It’s the little things my friends. Gratefulness is my new mantra. That I can run, exercise, commit to a program, have the resources I need, pass am exam, celebrate my dad’s long years and that I have life, enjoy physical health and a sound mind – they are in fact not at all little but they’re definitely the things I’ve taken for granted in the past. Covid-19 has forever changed that, and me, and a lot of us I’d wager, but it’s for the better and that can only be a good thing. Each day I awake, more aware, more focused, more blessed to be here, no matter the inconveniences and despite the tragedies and loss. My story isn’t over and neither is yours; we have been given strength for today, and for tomorrow, and for the next day, and the next if God wills it. Now let me dig deep for the strength I need for 26.2 in this very unconventional Marathon season. And, BTW, yes you can! We are strong and getting only stronger in this season together.

Comment below if you’re up for it! #letsrun🏃🏼‍♀️🏃🏽‍♀️🏃🏾

August and my Thoughts Have Run Away

It’s been a minute (meaning awhile – don’t ask me why we speak all wrong sided – not my generation 🤭) since I’ve got on here! Truthfully, I’ve had good intentions and even started writing about all the good stuff I was doing and the projects I was getting done (not really) but then yesterday happened and I hadn’t finished yet and so the relevant kinda went away with August. And you know what they say about good intentions – it’s a hellish road – that of course would be closer to the truth, mostly anyway. It’s been pretty much I driving me crazy with too much studying and myself trying to keep us sane by running and biking around. If it doesn’t confuse or concern you that I’m having a split personality complex right there then read on.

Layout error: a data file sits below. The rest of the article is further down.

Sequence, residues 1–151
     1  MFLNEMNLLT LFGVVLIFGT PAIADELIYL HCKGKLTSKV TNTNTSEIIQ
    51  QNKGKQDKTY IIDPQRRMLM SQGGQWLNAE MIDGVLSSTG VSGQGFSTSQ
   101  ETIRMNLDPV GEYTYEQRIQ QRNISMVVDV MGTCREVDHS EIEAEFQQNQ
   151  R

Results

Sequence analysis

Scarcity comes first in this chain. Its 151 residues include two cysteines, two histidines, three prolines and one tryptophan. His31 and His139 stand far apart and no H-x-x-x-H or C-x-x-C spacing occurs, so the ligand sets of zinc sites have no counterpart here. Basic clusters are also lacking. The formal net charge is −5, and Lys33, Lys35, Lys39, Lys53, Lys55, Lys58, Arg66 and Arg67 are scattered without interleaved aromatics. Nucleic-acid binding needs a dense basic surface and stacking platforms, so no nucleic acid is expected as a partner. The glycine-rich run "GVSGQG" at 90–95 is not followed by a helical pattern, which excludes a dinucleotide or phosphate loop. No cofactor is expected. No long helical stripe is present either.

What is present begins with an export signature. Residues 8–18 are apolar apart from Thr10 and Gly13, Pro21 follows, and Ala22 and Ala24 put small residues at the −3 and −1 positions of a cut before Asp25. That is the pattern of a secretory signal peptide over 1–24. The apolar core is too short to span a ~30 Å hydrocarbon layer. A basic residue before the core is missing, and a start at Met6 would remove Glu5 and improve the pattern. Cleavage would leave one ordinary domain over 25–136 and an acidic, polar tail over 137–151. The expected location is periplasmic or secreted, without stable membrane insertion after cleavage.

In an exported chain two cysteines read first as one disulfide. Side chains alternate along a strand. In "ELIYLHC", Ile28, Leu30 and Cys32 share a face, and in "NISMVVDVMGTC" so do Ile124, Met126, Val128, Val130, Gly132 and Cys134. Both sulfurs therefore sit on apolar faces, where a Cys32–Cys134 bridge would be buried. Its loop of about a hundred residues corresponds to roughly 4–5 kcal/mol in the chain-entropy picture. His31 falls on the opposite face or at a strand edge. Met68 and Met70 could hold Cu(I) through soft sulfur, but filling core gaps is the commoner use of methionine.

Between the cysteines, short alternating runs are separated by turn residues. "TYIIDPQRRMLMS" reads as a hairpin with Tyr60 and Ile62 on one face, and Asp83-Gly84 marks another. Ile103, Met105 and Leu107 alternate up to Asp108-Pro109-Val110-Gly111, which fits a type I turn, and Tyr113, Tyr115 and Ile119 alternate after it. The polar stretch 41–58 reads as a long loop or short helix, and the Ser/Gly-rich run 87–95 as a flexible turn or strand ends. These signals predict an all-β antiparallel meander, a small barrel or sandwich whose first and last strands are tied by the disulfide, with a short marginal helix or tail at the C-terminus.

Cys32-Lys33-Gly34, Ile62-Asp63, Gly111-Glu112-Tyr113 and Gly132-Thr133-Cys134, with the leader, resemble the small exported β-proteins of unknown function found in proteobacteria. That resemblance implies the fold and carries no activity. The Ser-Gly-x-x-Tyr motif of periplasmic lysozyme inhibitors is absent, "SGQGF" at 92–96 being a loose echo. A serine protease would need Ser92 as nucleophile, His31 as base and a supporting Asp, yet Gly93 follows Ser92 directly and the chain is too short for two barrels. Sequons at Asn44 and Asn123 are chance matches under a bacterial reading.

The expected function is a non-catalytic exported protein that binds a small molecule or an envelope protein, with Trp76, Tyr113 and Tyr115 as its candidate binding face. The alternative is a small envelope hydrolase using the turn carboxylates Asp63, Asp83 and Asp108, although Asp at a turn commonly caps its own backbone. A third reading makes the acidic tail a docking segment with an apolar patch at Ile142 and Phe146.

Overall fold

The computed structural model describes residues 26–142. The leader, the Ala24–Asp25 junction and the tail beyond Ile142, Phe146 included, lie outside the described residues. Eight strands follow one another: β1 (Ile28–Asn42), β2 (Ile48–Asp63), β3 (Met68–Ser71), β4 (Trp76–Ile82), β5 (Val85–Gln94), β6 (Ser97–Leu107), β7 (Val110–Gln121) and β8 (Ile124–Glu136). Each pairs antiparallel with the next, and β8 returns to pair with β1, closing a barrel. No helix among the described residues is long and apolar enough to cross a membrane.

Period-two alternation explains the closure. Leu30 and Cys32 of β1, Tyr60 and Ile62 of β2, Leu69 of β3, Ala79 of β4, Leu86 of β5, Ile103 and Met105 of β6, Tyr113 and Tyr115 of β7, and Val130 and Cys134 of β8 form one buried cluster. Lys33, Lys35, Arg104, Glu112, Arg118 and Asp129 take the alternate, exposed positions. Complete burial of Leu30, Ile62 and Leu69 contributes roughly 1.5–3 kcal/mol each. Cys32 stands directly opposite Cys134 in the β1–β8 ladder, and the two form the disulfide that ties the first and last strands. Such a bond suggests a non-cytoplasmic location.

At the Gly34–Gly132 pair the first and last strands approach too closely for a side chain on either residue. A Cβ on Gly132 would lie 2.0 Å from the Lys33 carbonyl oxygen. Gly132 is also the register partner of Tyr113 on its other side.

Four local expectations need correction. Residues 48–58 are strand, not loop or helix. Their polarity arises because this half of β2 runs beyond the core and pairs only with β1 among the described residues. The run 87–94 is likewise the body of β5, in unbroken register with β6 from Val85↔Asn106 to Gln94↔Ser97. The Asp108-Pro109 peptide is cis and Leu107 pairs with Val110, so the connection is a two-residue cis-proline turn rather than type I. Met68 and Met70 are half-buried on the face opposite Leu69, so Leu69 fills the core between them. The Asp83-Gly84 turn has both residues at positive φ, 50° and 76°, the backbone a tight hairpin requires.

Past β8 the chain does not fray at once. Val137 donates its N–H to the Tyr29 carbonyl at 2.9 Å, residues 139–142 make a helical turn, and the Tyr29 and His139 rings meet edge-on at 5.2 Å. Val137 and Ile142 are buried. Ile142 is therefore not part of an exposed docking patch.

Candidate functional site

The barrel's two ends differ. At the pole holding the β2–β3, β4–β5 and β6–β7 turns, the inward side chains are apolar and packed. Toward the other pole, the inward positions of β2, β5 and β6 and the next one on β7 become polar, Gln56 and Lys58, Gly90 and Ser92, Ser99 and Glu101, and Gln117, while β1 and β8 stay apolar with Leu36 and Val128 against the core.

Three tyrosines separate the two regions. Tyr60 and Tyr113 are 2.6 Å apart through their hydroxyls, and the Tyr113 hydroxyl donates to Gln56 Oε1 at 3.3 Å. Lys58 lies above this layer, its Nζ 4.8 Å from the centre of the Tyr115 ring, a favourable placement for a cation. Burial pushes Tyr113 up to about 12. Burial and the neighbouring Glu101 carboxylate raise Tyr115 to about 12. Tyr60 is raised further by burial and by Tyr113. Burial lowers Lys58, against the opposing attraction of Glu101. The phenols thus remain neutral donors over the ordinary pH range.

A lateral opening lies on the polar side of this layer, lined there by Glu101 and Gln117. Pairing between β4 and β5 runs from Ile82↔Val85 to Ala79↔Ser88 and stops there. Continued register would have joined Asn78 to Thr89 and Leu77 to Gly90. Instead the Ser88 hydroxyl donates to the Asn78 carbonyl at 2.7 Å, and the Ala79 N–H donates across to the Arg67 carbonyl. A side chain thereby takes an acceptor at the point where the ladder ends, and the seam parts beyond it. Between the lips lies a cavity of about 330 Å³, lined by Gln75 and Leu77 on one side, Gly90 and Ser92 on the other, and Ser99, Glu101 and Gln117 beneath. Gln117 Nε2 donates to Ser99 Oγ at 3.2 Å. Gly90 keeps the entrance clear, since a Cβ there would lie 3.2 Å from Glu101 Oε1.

Let me be clear, I’m not advocating cessa

Let me be clear, I’m not advocating an end to learning when you’ve hit a certain age, say “40” 😉 , but I am saying it seems like there’s so more work to be done and way less time to do it in. Whatever happened to long days with endless hours and grace periods and just plain grace? Apparently, a thing of the past in our new Covid-19 world, characterized by social distancing, work-from-home solutions, and real life Covid-related issues. I’m not sure I like this America. But who’s talking likes when survival is at stake. This year is about survival I’m told so I’m not allowed to indulge in sentimental platitudes that doesn’t serve the overarching agenda of staying safe and alive. What about sane then? That’s tied up in there, ain’t it? (Again, don’t ask me how that got in the dictionary, the urban one – not my generation) And yep, sane is game they say, so yes we can talk about that. Of course that brings me full circle to running.